Sermon on Psalm 37:4-7, for the 17th Sunday after Pentecost 2021 (B)

    Grace, mercy, and peace to you from God our Father, and from our Lord Jesus Christ, Amen. What do you think of when you hear the word delight? Where does delight happen? What do we take delight in? We could give many different answers. A toddler delights in the cool sensations of splashing or running water. An older child delights in the colors and booms of a firework display. Young lovers delight in the warm emotions and tingling excitement of finding a person that shows mutual interest. A cowboy delights in the strength and speed of a horse. A race enthusiast delights in the roar and muscle of a stock car. An artist delights in a natural scene of beauty they can translate to the canvas. We can delight in people, relationships, sensations, beauty, power, wisdom, and a host of other things. God’s creation is full of wonders, knowledge and mysteries that spark our curiosity with delights both forbidden and blessed. Delight happens in our heart and our eyes. We might describe i

Sermon on Mark 9:14-29, for the 16th Sunday after Pentecost 2021 (B), "From Faltering to Faith"

    Grace, mercy, and peace to you from God our Father and our Lord Jesus Christ, Amen. Last week in Psalm 28 we prayed with King David and felt the emotional tug of war waiting for God’s answer to prayers. Today Mark 9 is a lesson on mature discipleship, faith and prayer. A nameless father has a boy who is suffering terribly with epileptic seizures caused by a demon. The father’s faith is faltering; this has happened since childhood. The disciples’ faith appears absent, as Jesus rebukes them and the rest as a “faithless generation,” when they fail to heal him by failing to pray. Jesus seems harsh, as in several places in Mark. But the nameless father persists and his prayer is answered! Jesus lifts the nameless father and us, from faltering to faith. How do we get from faltering to faith? God will always strengthen faith when we ask for it. When it came to the power of prayer, Jesus shows the disciples failed to even use it! Before the disciples had success in casting out demons a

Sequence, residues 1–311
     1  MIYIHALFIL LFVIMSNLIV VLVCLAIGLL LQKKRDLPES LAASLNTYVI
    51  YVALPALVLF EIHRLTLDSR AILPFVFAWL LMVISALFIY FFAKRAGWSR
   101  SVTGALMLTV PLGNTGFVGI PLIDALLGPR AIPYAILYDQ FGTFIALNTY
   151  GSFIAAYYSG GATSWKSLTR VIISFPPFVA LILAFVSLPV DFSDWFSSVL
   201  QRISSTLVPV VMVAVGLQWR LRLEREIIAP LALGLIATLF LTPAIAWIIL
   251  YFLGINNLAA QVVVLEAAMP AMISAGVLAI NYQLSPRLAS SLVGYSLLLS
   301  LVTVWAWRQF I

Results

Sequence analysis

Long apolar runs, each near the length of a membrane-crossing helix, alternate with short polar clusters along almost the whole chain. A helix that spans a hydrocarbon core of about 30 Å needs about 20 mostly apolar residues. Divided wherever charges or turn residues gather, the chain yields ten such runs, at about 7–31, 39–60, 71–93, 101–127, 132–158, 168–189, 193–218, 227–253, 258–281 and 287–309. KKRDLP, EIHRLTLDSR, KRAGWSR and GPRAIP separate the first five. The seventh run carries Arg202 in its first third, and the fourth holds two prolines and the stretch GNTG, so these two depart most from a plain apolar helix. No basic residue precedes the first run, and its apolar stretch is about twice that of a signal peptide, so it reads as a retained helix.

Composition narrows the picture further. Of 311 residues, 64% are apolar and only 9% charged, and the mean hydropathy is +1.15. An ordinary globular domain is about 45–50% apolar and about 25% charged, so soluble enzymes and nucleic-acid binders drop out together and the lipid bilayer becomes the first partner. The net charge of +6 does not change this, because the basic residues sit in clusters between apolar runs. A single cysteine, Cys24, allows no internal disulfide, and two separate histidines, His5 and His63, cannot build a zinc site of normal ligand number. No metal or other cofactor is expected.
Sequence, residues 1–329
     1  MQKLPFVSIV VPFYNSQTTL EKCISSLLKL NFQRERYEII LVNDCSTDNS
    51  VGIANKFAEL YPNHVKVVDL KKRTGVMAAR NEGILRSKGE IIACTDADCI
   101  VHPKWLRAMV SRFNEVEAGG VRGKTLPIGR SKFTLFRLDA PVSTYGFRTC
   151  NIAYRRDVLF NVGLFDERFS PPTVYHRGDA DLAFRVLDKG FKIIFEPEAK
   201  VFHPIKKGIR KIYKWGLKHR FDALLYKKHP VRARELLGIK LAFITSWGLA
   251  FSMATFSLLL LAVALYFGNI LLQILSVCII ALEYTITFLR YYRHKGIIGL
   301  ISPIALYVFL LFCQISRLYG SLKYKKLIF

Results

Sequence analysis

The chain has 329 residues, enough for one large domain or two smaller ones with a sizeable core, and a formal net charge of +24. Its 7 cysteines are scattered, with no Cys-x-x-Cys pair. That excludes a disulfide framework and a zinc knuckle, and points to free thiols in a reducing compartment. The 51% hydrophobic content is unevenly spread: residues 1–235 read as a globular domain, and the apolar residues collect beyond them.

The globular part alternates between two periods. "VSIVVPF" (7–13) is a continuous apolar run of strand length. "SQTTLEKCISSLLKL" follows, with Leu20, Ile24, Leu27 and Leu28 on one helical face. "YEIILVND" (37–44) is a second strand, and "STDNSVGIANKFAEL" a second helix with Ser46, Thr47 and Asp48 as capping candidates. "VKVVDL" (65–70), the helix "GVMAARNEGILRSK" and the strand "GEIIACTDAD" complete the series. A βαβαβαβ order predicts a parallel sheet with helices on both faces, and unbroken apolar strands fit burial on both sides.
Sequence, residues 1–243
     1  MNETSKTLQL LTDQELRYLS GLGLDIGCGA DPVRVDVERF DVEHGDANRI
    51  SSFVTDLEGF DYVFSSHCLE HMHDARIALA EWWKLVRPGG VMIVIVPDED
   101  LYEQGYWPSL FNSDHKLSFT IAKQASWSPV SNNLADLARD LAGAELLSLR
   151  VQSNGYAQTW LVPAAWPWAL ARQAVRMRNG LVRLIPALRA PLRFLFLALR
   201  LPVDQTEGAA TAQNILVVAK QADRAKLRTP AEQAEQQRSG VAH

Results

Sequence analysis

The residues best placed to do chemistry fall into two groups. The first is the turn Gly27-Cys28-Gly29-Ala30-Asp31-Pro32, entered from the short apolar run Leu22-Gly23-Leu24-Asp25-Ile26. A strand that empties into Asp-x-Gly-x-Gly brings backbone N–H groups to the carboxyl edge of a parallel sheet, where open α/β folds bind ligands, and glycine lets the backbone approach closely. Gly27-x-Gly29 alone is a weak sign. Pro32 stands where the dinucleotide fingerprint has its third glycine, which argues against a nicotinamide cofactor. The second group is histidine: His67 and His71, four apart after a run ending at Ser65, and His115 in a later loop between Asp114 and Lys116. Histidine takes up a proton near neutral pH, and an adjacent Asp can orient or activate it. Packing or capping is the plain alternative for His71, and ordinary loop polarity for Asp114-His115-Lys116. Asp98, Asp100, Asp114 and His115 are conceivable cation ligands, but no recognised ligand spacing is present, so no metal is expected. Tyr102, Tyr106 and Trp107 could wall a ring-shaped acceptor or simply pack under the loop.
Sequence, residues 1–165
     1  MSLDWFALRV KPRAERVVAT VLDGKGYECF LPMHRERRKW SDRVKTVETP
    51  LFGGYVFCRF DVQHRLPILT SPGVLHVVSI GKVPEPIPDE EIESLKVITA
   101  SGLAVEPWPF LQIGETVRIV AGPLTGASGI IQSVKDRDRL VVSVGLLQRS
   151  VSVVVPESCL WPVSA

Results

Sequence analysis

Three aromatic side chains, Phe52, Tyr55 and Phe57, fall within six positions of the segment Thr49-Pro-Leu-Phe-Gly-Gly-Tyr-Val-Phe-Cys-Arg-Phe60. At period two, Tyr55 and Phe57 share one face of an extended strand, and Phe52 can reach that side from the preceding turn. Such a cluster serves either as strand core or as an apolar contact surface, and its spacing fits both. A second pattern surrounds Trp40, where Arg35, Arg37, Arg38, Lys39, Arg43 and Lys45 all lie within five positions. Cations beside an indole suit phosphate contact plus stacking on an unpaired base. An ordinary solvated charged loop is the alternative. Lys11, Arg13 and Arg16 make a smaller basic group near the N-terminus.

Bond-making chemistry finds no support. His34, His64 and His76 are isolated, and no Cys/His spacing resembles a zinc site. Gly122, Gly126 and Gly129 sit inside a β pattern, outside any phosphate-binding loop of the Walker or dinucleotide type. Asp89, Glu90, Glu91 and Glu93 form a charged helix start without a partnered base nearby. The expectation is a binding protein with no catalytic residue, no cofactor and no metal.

Psalm 28, for the 15th Sunday after Pentecost 2021 (B), "Does the Bible read you?"

  Grace, mercy, and peace to you from God our Father and from our Lord and Savior Jesus Christ, Amen. These are ordinary questions: “Do you read the Bible?” “How do you interpret that passage?” Now flip them around. What if I asked you: “Do you let the Bible read you?” “Are you letting this passage interpret you?” God’s living and active Word reads and interprets our lives. Sharper than any two-edged sword, God’s Word searches our hearts and minds (Heb. 4:12). The real question is how God’s Word is reading and interpreting our lives. How is God’s Word at work in us? So instead of us acting on God’s Word, God’s Word is acting on us. Let’s try this with Psalm 28, our Introit. On the one hand we could read the Psalms like a Bible study of the prayers and hymns and laments of Old Testament believers. But that wouldn’t let God’s Word “read us.” It keeps God’s Word at arm’s length. For God’s Word to “read and interpret us”, we must find ourselves, our unnamed fears and emotions in the Psal

Sermon on Mark 7:14-23, for the 14th Sunday after Pentecost, "The Heart is the Matter!"